The Family Context of Preadolescents' Orientations Toward Education: Effects of Maternal Orientations and Behavior

Journal of Educational Psychology
This study examines different pathways of maternal influence on the value that preadolescents attribute to mathematics and German language as domains of education. On the basis of data from 355 students and their mothers, the author tested effects of mothers' education, general parenting practices, leisure pursuits, joint activities with their children, school involvement, and their own evaluation of mathematics and German language. Results of structural equation modeling point to students' perceptions of maternal values as a central factor affecting students' values. Perceived maternal values vary depending on mothers' behavior rather than on values actually reported by mothers.

Family processes as pathways from income to young children's development

Developmental Psychology
A variety of family processes have been hypothesized to mediate associations between income and young children's development. Maternal emotional distress, parental authoritative and authoritarian behavior (videotaped mother-child interactions), and provision of cognitively stimulating activities (Home Observation for Measurement of the Environment [HOME] scales) were examined as possible mediators in a sample of 493 White and African American low-birth-weight premature infants who were followed from birth through age 5. Cognitive ability was assessed by standardized test, and child behavior problems by maternal report, when the children were 3 and 5 years of age. As expected, family income was associated with child outcomes. The provision of stimulating experiences in the home mediated the relation between family income and both children's outcomes; maternal emotional distress and parenting practices mediated the relation between income and children's behavior problems.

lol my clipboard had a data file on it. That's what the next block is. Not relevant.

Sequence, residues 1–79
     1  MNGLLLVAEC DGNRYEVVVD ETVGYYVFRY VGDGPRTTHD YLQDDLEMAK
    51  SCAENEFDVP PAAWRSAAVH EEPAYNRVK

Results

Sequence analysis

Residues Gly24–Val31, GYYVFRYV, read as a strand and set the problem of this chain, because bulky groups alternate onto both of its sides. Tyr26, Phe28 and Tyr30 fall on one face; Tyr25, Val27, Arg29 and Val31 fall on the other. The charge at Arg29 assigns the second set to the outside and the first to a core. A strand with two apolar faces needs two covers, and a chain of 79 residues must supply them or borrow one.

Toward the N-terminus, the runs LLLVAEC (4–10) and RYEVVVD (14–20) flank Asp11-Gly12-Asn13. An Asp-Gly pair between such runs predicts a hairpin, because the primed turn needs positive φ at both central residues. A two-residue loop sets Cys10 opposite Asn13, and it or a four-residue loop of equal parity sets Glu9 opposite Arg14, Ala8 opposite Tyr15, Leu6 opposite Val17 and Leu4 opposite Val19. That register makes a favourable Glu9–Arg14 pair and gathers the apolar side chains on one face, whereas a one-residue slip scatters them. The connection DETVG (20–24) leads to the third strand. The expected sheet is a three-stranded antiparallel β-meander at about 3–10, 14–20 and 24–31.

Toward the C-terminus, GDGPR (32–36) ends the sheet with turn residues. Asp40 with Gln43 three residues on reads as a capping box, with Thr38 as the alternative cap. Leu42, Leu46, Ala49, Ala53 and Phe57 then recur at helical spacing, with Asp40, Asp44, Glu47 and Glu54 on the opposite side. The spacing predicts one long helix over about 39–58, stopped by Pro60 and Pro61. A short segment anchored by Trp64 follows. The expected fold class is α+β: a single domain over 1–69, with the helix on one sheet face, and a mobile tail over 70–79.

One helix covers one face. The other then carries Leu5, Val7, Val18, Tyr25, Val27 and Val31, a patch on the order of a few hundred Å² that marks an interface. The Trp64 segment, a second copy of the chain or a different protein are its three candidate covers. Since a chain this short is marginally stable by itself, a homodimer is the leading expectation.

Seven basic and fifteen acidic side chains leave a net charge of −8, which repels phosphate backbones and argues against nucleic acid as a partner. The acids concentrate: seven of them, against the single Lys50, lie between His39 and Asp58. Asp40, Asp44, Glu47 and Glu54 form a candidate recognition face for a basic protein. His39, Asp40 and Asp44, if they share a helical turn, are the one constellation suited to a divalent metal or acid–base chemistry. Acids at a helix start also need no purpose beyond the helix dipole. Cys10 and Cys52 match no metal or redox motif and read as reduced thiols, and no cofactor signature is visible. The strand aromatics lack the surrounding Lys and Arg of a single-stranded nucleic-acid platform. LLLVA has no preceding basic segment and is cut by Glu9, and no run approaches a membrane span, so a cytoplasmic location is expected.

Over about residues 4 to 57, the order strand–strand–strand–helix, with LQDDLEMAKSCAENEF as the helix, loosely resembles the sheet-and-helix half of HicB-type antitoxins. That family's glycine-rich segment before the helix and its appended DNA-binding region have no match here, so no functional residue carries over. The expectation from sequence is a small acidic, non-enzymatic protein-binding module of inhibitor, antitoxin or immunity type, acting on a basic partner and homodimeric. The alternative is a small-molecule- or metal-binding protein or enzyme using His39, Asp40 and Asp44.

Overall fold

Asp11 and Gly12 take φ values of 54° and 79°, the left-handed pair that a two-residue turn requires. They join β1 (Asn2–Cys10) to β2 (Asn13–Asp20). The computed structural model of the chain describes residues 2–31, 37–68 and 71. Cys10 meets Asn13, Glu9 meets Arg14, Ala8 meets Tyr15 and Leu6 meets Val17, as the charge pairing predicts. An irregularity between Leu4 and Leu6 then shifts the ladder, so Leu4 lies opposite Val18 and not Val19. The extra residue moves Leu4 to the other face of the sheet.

Friday, March 16, 2007

Depressive Symptoms as a Longitudinal Predictor of Sexual Risk Behaviors Among US Middle and High School Students

In adjusted models, boys and girls with high depressive symptom levels at baseline were significantly more likely than those with low symptom levels to report ≥1 of the examined sexual risk behaviors over the course of the 1-year follow-up period. For boys, high depressive symptom levels were specifically predictive of condom nonuse at last sex, birth control nonuse at last sex, and substance use at last sex; these results were similar to those of parallel analyses with a continuous depression measure. For girls, moderate depressive symptoms were associated with substance use at last sex, and no significant associations were found between high depressive symptom levels and individual sexual risk behaviors. Parallel analyses with the continuous depression measure found significant associations for condom nonuse at last sex, birth control nonuse at last sex, ≥3 sexual partners, and any sexual risk behavior.